The latest of those moves took place at the end of September, a spokesperson for DHS said. There are only two remaining hotels in use as COVID-19 shelters citywide, one in Manhattan and one in Queens, both used on an emergency basis for quarantine and isolation.
No commercial hotels from the pandemic emergency batch are currently operating as shelters in Manhattan Community District 5, which encompasses Midtown and the West 58th Street location.
Overall, the total number of people in the city’s shelter system has dropped since the height of the pandemic, from over 60,000 in April 2020 to just over 46,000 now, shelter census data shows. The shelter population previously peaked at about 61,000 in January 2019.
The majority of the shelter population are families, according to the Coalition for the Homeless, and nearly 1 out of 10 public school children live in unstable or temporary housing.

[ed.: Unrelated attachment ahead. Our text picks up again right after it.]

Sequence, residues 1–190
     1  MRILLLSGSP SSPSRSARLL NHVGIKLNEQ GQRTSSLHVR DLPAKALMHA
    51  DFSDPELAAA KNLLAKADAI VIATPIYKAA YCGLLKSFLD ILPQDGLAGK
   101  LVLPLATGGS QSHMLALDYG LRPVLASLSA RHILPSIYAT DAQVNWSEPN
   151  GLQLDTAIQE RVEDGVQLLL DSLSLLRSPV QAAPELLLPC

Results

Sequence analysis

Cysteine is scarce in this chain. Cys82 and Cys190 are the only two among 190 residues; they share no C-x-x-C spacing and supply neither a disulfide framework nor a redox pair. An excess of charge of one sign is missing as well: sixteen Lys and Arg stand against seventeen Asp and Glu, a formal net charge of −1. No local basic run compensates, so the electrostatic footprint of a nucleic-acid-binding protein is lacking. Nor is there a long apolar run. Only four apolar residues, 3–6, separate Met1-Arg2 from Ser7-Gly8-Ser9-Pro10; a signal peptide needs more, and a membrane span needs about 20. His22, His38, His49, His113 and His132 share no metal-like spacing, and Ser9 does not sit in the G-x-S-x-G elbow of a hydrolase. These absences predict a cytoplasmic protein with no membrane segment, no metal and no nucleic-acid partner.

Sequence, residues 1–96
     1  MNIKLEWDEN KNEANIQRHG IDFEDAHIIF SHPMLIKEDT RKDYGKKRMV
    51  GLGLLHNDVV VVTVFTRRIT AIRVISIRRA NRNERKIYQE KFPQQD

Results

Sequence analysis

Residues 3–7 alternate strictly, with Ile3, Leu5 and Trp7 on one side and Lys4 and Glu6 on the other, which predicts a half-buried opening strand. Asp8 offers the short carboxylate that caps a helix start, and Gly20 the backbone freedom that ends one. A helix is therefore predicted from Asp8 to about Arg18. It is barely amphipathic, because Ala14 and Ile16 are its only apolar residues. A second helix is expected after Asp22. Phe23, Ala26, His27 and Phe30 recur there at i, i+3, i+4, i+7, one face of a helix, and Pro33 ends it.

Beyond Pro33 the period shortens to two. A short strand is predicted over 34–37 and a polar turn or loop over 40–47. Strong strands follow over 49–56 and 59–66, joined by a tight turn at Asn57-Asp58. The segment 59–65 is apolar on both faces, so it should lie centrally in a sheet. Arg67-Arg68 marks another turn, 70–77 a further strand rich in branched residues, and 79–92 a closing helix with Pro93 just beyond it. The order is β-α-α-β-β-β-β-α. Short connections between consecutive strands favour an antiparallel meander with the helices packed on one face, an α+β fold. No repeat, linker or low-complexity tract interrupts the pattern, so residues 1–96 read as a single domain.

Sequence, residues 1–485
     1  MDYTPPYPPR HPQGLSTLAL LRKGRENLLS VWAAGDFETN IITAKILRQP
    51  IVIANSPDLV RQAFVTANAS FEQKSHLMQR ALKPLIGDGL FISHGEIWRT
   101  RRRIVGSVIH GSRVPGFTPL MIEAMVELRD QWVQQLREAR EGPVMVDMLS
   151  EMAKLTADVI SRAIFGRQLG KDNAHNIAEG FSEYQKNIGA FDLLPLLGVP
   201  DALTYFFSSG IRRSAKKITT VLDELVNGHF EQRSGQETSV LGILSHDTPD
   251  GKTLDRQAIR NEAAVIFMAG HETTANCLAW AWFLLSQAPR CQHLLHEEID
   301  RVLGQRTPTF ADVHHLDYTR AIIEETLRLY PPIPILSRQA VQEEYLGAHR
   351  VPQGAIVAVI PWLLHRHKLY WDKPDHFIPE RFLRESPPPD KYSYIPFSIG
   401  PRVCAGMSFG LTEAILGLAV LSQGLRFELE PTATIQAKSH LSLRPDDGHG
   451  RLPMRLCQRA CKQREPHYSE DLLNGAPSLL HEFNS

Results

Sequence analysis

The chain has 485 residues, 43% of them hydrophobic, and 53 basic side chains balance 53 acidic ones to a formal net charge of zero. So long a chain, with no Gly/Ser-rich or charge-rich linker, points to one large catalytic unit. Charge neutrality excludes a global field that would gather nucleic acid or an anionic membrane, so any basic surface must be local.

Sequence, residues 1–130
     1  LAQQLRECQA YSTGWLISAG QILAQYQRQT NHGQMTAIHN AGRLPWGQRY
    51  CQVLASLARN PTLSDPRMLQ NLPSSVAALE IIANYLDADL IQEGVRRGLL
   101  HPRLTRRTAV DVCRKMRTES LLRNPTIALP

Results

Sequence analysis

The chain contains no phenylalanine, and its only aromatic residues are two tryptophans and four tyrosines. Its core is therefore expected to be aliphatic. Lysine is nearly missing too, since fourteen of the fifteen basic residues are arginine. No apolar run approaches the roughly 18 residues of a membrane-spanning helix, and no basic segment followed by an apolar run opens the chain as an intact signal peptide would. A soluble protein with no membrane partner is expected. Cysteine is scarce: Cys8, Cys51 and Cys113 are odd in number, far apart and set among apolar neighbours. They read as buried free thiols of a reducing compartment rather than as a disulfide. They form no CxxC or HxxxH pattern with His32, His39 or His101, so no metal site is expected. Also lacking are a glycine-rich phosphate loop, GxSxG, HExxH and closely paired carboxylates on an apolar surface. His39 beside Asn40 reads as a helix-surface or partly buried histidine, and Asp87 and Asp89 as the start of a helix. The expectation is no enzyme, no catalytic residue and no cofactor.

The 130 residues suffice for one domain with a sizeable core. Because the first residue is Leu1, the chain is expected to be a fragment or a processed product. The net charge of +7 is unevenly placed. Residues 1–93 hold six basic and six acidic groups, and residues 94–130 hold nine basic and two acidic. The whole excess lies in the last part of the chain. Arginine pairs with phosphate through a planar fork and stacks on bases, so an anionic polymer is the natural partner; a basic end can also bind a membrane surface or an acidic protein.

Still, single adult men make up about a third of the shelter system, many of whom are formerly incarcerated and have unique challenges to finding a place to live, Trapani said. Their numbers have returned to 2019 levels — with 16,863 in DHS shelter beds on Friday night — after a pandemic high of more than 18,500.
“This is the population that needs us the most right now,” Trapani said. “Of course, we want permanent housing solutions, and we’re going to continue to work towards that, but in the meantime, these guys need a place to go.”
CORRECTION: An earlier version of this article stated that the Park Savoy building would house 140 men. The city had previously planned for 140 occupants but the state Office of Temporary and Disability Assistance, which has jurisdiction over the shelter, later reduced the capacity of the building to 80 men.